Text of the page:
Materials for MSA are generally available, especially for beginners. I mention a few in my article that goes a little more into depth on how to learn Arabic. With MSA, you can benefit from beginner's materials and then move on to reading native content.

With the dialects, these things are not really available.

In my Arabic learning adventure, I've had to rely a lot of my MSA as a step-stone to the dialects. I usually like working with one or two beginner's textbooks when starting out and then continue on to reading newspapers, articles and novels. None of that exists in dialect.

This means that you're forced to work with whatever few resources you're able to find online, or you'll have to hire a tutor or rely on a discussion partner to improve your Arabic dialect.

One resource I've recently become a great fan of, however, is Glossika. Glossika is a great language learning program that offers MSA, Moroccan and Egyptian Arabic. And more dialects are to be added. To learn more, go read my article about Glossika. Or you can go directly to the Glossika website.

Your background greatly influences the time it takes to learn Arabic

The more languages you already know, the easier it will be to learn Arabic. If these languages have something in common with Arabic it's even better.

A Hebrew speaker will find Arabic quite easy, because the two languages are closely related. They have a lot in common in terms of vocabulary, pronunciation and grammar.

But even if you speak Spanish or French alongside English, you'll have an advantage. The reason is, that the more languages you speak, the better you'll intuitively understand how foreign languages can work. To people who speak only one language, all other languages will seem extremely bizarre, but if you have just two languages to compare, the kind of differences that you might see between English and Arabic might be much less of a chock.

This isn't to say that monolingual Americans can't learn Arabic. But it'll take longer to get the language under your skin.

The time you dedicate to learn Arabic is (obviously) a key factor

It might seem obvious. The more time you put into your Arabic studies, the faster you will get there.

But there's more to it than that.

It's one thing to look at how much time you put in, but how about when you study?

Studying Arabic on your own for 7 hours a week sounds good, but if these hours are all spent in one or two several hour-long study sessions in the weekend, it won't be as effective as spreading your study time out throughout the week.

Why? Well, for one thing, you'll be running the risk of burning out completely. Studying several hours in one go might be possible with all the enthusiasm and ambition you have when first starting out, but you'll quickly find that it'll be difficult to keep up with that kind of schedule on the long run.

Another point is, that even though you go through a lot of material once a week, you won't be surrounded by the Arabic language in your everyday life. Arabic will just be something you do once a week and it won't become part of your routine.

This means that you'll forget new words and grammar points before you get the chance to get reminded of them again.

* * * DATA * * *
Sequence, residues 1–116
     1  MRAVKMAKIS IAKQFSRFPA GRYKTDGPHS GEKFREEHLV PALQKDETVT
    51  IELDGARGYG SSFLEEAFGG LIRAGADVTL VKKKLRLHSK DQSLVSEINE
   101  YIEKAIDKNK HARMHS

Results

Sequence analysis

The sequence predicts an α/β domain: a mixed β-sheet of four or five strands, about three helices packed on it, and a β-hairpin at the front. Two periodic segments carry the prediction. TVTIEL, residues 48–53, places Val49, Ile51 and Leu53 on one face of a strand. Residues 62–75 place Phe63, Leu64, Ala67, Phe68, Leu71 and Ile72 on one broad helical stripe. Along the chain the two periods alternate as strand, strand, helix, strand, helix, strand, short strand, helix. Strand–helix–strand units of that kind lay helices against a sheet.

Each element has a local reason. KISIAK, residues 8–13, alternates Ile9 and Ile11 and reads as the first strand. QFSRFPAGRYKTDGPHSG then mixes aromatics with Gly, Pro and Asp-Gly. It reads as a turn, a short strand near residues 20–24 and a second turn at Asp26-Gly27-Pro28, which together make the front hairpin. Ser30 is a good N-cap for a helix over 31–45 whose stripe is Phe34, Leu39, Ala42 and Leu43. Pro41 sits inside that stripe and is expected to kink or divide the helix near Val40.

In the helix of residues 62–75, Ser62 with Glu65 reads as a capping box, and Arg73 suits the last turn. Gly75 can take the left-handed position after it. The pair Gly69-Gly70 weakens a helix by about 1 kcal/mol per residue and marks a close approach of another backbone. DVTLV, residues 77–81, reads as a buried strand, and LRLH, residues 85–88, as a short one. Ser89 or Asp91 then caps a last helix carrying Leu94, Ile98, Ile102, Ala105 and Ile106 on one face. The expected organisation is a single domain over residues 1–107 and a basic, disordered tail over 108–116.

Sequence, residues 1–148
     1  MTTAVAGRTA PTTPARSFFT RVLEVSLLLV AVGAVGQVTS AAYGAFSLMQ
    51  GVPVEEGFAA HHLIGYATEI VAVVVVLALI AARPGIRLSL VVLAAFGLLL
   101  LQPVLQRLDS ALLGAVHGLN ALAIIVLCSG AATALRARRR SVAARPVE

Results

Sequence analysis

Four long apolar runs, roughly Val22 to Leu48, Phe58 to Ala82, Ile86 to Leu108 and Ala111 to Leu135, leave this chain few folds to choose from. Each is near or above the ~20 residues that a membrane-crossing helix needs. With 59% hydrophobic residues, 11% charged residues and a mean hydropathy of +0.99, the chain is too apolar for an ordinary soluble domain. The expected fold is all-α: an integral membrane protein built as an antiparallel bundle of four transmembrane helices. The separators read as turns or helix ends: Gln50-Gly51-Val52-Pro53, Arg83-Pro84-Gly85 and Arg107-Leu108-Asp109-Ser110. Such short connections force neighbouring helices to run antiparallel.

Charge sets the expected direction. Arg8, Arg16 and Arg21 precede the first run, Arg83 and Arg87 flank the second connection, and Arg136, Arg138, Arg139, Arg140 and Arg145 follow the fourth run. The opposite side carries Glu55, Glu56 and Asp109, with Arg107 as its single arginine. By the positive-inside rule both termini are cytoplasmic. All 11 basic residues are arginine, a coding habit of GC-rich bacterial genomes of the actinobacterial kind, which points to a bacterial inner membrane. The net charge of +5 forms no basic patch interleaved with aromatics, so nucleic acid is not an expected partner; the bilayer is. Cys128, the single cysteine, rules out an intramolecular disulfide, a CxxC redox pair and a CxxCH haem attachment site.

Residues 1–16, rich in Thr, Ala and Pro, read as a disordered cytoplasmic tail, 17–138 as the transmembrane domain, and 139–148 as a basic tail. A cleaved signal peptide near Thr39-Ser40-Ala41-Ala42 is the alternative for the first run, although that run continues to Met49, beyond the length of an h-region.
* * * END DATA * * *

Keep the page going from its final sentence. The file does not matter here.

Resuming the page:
There's also something to be said about keeping your brain submerged in Arabic. If you come back to your Arabic studies once a day, or even better, several times a day, your brain will quickly realize that this language has become part of your life. It'll become easier to adjust to the language this way. Studying once a week seems much more like an obstacle or a task that you just want to get rid off.

I recommend that you study Arabic in short bursts, several times per day. To read more about this, go have a look at my article called "How to learn languages on a busy schedule" where you'll find a lot of tips to how you can benefit from dead time throughout your day to study Arabic.

How long does it take to learn Arabic according to linguists?

The Foreign Service Institute is the American government institution in charge of teaching foreign languages to American diplomats before going overseas. They've got a lot of experience in language education, and have developed estimations as to how many classroom hours their students need in order to become "professionally proficient" in various languages.

They put Arabic at the high end of the scale. Along with languages like Chinese and Korean, FSI estimates that Arabic needs around 2200 classroom hours for the average American.

Now what does this mean?

It means that if you follow FSI's program and your goal is "professional working proficiency" you'll need to put in 2200 hours in order to learn Arabic. (That's 6 years if you study one hour every day).

As I've already made clear in the above, however, the time it takes to learn Arabic is dependent on a lot of factors. So even if you took the FSI program, 2200 hours just might not be the right number for you.

Similarly, FSI's definition of "professional working proficiency" might not be the same as your personal goal. Speaking like a native and being conversational in a language are two very different things after all.

How long does it take for a self-student to become conversational in Arabic?

As you've probably gathered by now, there's no easy way to estimate how long you'll need to learn Arabic.

You came here for a number, however, so I'm going to give you my best bet.

For an average English speaker who is serious, consistent and diligent, and who has planned out his study approach from the start, It'll take something like 3 years of daily, 1-hour study time to reach the upper-intermediate level in Arabic.

If you put in more work and you're an experienced language learner you might get there faster. For me, however, that wasn't the case!

One thing is certain, however: You won't progress in your Arabic if you don't keep at it. The single most important aspect of learning Arabic is consistency. It's more important than your study method, how much time you put in, your motivation, your intellect and everything else.

If you put in an hour a day, preferably divided up in 2-3 separate study sessions, you'll eventually get there.

If you've found this article helpful, or if you have any questions or comments, please write me a comment below!